Reply
  3. BKarr

    Kevin -

    If the following is true, may I ask a question?

    “I don’t know a single professional historian who denies that a few free African Americans may have been able to enlist as soldiers in the Confederate army at some point during the war before the Confederate Congress authorized enlistment at the very end.”

    Can you, as a professional historian who claims an expertise on this topic, identify – by name – a few of those free African Americans who you would readily and unequivocally accept as Confederate soldiers?

    I mean this in all seriousness because, assuming you can name them, it’d be nice to know on which *specific* cases historians are generally in agreement about. Even if it is only a few.

    If you cannot though, then I do believe Professor Gates’ original point has been validated.

    Reply
    1. Kevin Levin Post author

      I suspect that those few who managed to slip in passed as white. We know this because there are accounts of soldiers being forced after their racial identity was discovered. For years now I’ve posed the challenge to identify a single wartime Confederate account that acknowledged the existence of black soldiers. As of today not a single account.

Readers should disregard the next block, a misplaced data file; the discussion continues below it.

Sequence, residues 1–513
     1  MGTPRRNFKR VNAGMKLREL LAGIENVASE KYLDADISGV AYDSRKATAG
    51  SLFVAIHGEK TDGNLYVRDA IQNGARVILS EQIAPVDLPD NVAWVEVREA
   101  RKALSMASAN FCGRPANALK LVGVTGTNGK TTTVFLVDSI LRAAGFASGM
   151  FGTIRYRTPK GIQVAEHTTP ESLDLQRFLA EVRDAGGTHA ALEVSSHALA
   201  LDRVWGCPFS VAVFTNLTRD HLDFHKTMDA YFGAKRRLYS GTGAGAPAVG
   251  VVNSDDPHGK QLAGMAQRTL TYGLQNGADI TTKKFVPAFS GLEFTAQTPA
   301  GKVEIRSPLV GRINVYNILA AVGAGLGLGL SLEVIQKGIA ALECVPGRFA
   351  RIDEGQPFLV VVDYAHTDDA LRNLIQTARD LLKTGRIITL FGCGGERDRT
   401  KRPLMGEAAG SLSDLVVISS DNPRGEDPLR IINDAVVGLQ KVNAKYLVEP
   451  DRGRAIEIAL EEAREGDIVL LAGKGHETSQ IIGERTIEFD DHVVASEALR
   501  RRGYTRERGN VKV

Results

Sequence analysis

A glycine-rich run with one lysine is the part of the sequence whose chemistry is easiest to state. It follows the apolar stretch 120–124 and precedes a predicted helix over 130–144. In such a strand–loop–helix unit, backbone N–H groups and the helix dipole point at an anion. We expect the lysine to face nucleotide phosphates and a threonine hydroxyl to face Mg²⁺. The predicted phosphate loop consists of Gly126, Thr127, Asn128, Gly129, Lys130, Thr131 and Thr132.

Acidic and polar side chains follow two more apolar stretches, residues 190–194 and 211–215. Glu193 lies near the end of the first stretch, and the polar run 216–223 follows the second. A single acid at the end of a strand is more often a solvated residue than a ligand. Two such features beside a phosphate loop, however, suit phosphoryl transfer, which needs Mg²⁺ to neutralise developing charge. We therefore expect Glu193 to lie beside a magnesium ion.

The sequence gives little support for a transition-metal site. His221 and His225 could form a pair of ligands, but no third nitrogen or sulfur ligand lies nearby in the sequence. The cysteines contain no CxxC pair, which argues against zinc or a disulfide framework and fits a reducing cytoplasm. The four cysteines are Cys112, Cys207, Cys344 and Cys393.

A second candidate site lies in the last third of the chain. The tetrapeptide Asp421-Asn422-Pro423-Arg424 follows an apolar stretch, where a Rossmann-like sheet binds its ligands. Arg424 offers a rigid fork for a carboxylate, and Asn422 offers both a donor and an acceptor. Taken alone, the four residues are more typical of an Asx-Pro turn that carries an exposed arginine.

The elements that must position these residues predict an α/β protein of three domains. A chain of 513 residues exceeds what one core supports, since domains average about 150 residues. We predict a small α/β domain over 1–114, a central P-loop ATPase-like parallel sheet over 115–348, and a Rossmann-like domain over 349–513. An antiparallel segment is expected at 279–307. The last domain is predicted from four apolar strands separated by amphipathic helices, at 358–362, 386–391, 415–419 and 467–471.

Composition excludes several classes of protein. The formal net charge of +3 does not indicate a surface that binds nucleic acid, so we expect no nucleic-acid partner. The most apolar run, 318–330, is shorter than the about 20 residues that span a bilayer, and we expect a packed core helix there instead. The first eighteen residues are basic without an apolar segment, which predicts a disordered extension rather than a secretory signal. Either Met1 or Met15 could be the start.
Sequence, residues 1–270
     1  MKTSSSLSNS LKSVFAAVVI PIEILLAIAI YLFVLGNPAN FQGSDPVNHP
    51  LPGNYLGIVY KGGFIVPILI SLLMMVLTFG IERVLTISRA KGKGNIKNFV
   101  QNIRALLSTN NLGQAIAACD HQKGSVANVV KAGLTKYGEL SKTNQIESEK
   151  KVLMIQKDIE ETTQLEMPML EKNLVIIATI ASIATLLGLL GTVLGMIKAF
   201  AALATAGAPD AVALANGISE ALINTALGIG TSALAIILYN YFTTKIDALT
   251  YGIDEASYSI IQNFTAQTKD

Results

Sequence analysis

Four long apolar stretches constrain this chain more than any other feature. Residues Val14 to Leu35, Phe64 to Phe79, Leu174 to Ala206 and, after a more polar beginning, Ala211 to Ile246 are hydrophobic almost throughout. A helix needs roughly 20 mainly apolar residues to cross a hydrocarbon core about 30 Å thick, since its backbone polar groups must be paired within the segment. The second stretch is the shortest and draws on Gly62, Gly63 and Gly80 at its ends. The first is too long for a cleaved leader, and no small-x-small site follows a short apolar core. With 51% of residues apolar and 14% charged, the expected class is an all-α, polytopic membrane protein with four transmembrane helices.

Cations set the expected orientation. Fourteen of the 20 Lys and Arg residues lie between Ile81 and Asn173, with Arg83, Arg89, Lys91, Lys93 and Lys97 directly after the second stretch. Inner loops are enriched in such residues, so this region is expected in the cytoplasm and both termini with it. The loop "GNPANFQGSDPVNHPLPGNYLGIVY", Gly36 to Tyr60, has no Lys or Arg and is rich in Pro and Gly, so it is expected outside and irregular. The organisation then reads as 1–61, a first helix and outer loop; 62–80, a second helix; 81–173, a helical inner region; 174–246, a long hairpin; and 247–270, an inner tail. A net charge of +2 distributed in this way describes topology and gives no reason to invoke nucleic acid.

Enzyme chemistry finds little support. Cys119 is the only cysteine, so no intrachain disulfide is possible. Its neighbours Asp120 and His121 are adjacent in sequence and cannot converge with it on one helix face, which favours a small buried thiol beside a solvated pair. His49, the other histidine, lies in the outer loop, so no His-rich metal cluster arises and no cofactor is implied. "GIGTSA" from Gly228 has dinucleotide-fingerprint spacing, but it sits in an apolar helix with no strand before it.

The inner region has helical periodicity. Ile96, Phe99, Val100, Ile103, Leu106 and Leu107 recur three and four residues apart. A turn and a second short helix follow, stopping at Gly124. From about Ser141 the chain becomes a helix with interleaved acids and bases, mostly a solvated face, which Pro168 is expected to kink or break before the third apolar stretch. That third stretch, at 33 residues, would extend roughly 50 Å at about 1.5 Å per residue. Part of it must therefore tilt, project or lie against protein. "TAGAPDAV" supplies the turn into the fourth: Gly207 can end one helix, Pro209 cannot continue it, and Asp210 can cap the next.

Reply
      1. BKarr

        Then surely you can identify the names of a few of those who passed as white and successfully entered service, or entered it by some – really any – other means. Even just one or two.

        Otherwise you seem to be lending more credence to Professor Gates’ comment than you care to admit:

        “I find it quite confounding that some historians are reluctant even to entertain the possibility that some black people, no matter how twisted their logic, would decide to ally their best interests with the Confederacy”

        Reply
        1. Kevin Levin Post author

          Thanks for the follow up. I think we are talking past one another here. One of the fundamental problems that is often lost is that the Confederate government did not authorize the enlistment of black soldiers until a few weeks before the end of the war in April 1865.

          The Gates reference that you cite is vague because it implies attitudes that extend beyond the question of soldiers. We know, for instance, that some free blacks in Petersburg, Virginia declared their support for the Confederacy at the beginning of the war. They likely viewed it as a way to protect what little holdings they possessed. In that sense the comment is not controversial at all.

          Reply
  4. Julian

    well if there is historic moving picture imagery – it may as well be true – we all know the authority lent by the screen – here are some potential black confederates – perhaps ;-) – but it is interesting to see this theme played for laughs in the 1930s and who knows what seeds it planted

    Reply